Ireland off the mark in Six Nations after victory in Scotland

Ireland off the mark in Six Nations after victory in Scotland

IRELAND got their first victory in this year’s Six Nations with a thrilling 22-13 win over Scotland at Murrayfield.

Tries from Conor Murray and Jacob Stockdale put Ireland in control after a shaky start, and despite Sam Johnson replying for the hosts, Ireland led 12-10 at the break.

The second half was not as frenetic as the opening period, however a try from Keith Earls after great work by Joey Carbery put Ireland in the driving seat.

Joey Carbery sets up Ireland's third try (Image: Getty)

Scotland huffed and puffed but came up against a resolute Irish defence, who put last week’s disappointing home defeat to England behind them.

Behind early on

Just as they did against England, Ireland fell behind early on, Grieg Laidlaw scoring a penalty after Bundee Aki had scooped the ball up illegally.

Ireland were lucky not to be further behind with Sexton also conceding a needless penalty as the hosts started postively, following on from their victory over Italy last week.

However having weathered the early storm, Ireland went ahead after Tommy Seymour failed to deal with Stockdale’s chip and chase.

Under pressure from Chris Farrell, Seymour’s pass evaded Sean Maitland, allowing Murray to gather and give Ireland the lead.

Conor Murray celebrates his try with Keith Earls (Image: Getty)

Sexton, who was already limping after being targeted by the home side, missed the conversion, however minutes later Ireland added a second try.

Following a neat change of direction between Peter O’Mahony and Sexton, Stockdale raced clear before touching down under the posts.

Sexton ceded kicking duties to Murray after another heavy hit in the build-up to Stockdale’s try, the Munster player converting to give Ireland a 12-3 lead.

Sexton gamely carried on but was forced to make way for Joey Carbery after 25 minutes.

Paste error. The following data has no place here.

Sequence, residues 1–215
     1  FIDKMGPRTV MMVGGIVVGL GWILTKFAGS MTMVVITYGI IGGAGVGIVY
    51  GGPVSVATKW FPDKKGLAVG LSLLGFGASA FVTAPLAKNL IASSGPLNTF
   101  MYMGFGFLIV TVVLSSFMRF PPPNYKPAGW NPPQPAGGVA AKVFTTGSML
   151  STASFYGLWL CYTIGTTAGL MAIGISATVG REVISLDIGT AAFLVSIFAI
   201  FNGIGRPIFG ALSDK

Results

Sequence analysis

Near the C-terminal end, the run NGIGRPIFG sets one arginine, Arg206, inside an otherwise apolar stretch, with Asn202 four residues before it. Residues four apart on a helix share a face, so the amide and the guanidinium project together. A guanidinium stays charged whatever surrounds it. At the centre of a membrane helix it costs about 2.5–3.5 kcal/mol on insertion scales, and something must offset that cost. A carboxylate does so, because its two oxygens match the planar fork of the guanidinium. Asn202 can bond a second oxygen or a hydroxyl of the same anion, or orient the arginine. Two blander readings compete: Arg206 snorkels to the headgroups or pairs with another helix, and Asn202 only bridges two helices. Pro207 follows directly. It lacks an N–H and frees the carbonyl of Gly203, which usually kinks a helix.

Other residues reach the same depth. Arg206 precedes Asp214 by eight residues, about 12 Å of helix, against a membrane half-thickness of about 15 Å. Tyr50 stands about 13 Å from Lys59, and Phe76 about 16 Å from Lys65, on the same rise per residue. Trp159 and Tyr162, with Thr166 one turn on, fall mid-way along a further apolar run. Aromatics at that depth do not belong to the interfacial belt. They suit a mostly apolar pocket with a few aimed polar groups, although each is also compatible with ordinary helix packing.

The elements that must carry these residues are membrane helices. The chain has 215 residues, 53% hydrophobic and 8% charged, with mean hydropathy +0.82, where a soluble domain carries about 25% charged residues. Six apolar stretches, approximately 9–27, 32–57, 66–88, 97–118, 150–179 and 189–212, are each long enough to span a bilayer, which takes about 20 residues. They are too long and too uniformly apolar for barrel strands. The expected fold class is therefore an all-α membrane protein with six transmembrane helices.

Scotland on top

Despite losing their own talisman in Stuart Hogg, Scotland dominated the rest of the half.


Finn Russell was the architect of their try as he intercepted a Carbery pass and sprinted downfield.

Earls superbly chased him down but Russell lifted the ball perfectly into the path of the overlapping Sam Johnson.

Sam Johnson scored Scotland's try (Image: Getty)

The Warriors centre went over before Laidlaw’s neat conversion from the right cut Ireland’s lead to just two points, 12-10.

Scotland were gaining momentum and territory in the closing stages of the half and almost went ahead after a 25-phase attack in Ireland’s 22.

However Jones’ pass to Seymour out right was marginally behind the Glasgow wing, the fraction of a second he took to check his run allowing Stockdale enough time to bring him down.


Carbery vision

Both sides were guilty of some loose passes at the start of the second half as they struggled to find a breakthrough, however Ireland extended their lead on 55 minutes.

The drop in tempo looked to have spread to Allan Dell and Rob Harley, who both looked to have switched off when Carbery gathered a loose ball in the centre of the park.

It seemed innocuous enough, but Carbery brushed off a double tackle from the pair before racing clear, sparking the Murrayfield crowd into life.

Keith Earls grabbed Ireland's third try (Image: Getty)

As Kinghorn and Seymour closed in, he laid off to Earls in acres of space on the right, the Munster player going over unopposed before Carbery converted to make it 19-10.


Despite the stunning score, tired legs and a raft of substitutions affected the tempo.

Laidlaw and Carbery traded penalties as the half ground on, the tackle count continuing to ratchet up as Scotland desperately tried to work an opening.

However errors cost the frustrated hosts, their second half typified when Ultan Dillane stole a line-out near the Irish 22.

Instead Ireland’s defensive intensity saw them grind out their first victory of this year’s tournament and get their campaign back on track.

Next up for Joe Schmidt’s side is a trip to Rome in two weeks’ time.

Rory Best with the Centenary Quaich (Image: Getty)